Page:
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Re: How to show 1+2+3+ ... = 1/12 using Mathematica's symbols?
Posted:
Jan 21, 2014 2:57 AM


The video is indeed rather silly, not in what it says but what it does not say. However, in its proper mathematical context the answer is completely correct and probably the best way to understand is to take a look at the classic text on this topic: G.H. Hardy CDivergent Series, published in 1947. This result and many others (such as 1+1+1+ ... = 1/2) is at the end of section 13. Of course, (as psycho_dad has already pointed out) in Mathematica this is just Zeta[1] and 1+1+1+ ... 1/2 is simply Zeta[0]. But probably a more convincing argument is by using Ramanujan's summation, which is explained in Hardy's book in detail.
You can also read about it here:
http://en.wikipedia.org/wiki/1_%2B_2_%2B_3_%2B_4_%2B_
Andrzej Kozlowski
On 20 Jan 2014, at 10:01, Murray Eisenberg <murray@math.umass.edu> wrote:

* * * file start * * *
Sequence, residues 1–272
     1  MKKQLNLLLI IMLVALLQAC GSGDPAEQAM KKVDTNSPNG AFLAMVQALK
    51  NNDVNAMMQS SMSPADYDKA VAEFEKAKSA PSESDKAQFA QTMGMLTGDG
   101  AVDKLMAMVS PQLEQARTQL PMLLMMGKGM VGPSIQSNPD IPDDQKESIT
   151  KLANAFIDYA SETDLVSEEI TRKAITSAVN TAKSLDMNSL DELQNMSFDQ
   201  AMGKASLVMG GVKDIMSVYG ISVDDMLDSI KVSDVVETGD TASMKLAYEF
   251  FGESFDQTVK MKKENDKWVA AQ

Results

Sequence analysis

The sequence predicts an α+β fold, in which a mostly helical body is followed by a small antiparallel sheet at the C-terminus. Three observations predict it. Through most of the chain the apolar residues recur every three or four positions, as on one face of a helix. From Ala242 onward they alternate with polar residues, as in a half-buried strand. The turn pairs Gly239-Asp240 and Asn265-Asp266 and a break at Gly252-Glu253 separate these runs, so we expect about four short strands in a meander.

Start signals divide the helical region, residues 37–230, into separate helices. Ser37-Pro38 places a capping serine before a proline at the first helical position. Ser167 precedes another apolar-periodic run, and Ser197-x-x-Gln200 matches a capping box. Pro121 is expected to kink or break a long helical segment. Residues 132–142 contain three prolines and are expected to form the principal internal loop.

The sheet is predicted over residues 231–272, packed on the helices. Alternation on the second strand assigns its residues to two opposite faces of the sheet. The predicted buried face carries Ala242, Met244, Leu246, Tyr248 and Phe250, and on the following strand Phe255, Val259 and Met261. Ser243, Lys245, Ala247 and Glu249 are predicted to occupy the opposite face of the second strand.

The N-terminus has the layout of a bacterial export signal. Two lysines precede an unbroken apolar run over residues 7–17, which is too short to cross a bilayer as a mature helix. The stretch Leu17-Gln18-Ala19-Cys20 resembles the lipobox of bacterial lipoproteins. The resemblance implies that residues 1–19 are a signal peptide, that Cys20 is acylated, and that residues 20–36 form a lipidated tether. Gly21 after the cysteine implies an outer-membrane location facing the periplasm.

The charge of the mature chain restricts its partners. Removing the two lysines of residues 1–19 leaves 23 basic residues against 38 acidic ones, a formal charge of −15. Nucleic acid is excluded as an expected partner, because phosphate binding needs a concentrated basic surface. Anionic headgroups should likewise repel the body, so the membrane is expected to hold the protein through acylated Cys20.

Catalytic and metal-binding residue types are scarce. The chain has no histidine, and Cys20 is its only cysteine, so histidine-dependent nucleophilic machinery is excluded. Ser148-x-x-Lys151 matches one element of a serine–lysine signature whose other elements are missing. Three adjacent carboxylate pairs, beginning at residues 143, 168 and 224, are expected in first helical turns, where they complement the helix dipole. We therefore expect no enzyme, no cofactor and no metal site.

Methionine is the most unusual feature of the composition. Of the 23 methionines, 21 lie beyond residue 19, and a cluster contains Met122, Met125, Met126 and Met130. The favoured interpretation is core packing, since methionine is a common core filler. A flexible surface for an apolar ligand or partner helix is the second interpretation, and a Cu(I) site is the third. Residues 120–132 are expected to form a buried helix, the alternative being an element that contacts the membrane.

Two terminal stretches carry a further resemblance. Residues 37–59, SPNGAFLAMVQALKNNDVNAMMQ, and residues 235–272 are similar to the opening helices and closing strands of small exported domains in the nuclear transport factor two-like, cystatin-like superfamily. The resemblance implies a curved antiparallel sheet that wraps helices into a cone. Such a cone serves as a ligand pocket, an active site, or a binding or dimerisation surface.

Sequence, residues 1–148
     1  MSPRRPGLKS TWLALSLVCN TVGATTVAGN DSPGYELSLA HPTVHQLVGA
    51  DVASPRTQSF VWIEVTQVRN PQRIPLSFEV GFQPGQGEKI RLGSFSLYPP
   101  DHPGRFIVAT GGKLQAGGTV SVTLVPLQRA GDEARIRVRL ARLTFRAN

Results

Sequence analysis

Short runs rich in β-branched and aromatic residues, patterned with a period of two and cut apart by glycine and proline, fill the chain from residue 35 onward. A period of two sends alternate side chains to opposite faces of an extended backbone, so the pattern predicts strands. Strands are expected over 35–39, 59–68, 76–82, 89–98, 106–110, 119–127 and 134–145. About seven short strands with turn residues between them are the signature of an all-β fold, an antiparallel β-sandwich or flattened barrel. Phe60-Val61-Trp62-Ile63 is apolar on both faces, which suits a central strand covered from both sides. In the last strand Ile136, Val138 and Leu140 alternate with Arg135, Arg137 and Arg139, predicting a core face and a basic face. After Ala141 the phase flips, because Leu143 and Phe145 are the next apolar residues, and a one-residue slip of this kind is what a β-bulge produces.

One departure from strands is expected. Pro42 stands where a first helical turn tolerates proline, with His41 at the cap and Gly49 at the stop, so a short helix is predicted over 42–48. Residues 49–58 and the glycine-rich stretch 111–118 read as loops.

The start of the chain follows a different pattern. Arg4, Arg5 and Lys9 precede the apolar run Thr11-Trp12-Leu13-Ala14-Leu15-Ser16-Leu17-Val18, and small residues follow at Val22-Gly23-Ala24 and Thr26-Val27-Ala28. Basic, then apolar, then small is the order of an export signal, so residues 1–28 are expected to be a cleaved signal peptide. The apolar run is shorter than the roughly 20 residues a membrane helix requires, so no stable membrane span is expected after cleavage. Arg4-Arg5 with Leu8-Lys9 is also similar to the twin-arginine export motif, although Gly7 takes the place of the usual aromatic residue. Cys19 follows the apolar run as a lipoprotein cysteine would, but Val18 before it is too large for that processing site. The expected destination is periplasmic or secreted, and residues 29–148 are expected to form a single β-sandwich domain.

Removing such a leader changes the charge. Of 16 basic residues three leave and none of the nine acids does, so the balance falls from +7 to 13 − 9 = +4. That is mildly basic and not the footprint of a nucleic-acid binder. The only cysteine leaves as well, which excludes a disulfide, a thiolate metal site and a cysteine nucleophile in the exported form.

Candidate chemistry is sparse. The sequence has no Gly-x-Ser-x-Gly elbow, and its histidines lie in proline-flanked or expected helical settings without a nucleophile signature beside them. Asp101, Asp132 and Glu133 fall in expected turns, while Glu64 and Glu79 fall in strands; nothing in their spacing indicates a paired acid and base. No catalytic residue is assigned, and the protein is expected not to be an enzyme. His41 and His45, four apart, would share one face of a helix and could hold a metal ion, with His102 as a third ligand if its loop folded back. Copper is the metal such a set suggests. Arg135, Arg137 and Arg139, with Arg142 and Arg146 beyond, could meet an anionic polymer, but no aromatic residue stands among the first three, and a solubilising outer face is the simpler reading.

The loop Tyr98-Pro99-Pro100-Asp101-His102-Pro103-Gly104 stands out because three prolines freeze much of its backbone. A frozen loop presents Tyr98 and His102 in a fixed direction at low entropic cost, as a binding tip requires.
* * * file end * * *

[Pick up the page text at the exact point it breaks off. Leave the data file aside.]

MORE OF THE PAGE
> You may try the Regularization option for Sum, but it doesn't seem to give any finite result for that divergent series. > > On the other hand, the video to which you refer relies ultimately upon using Ces=E0rosummability of 1  1 + 1  1 _ . . . , which you may implement in Mathematica as: > > Sum[(1)^n, {n, 0, \[Infinity]}, Regularization > =93Cesaro"] > (* 1/2 *) > > [The video to which you refer is disingenuous in not saying upfront that it's not using ordinary summability but some other form(s) of summability. (The merest hint is a brief glimpse of a page of a text on String Theory where the formula > 1 + 2 + 3 + . . . = 1/12 is displayed just below a line referring to renormalization.) > > As it stands, that video, in my mind, is deleterious to understanding of the mathematics of infinite series destructive of trust in mathematics: it manipulates divergent series as if they were convergent.] > > > On Jan 19, 2014, at 2:56 AM, Matthias Bode <lvsaba@hotmail.com> wrote: > >> >> Hola, >> >> I came across this video (supported by the Mathematical Sciences Research Institute* in Berkeley, California): >> >> http://www.numberphile.com/videos/analytical_continuation1.html >> >> Could the method shown in this video be replicated using Mathematica symbols such as Sum[] &c.? >> >> Best regards, >> >> MATTHIAS BODES 17.36398=B0, W 66.21816=B0,2'590 m. AMSL. >> >> *) http://www.msri.org/web/msri >> > > Murray Eisenberg murray@math.umass.edu > Mathematics & Statistics Dept. > Lederle Graduate Research Tower phone 240 2467240 (H) > University of Massachusetts > 710 North Pleasant Street > Amherst, MA 010039305 > > > > > > >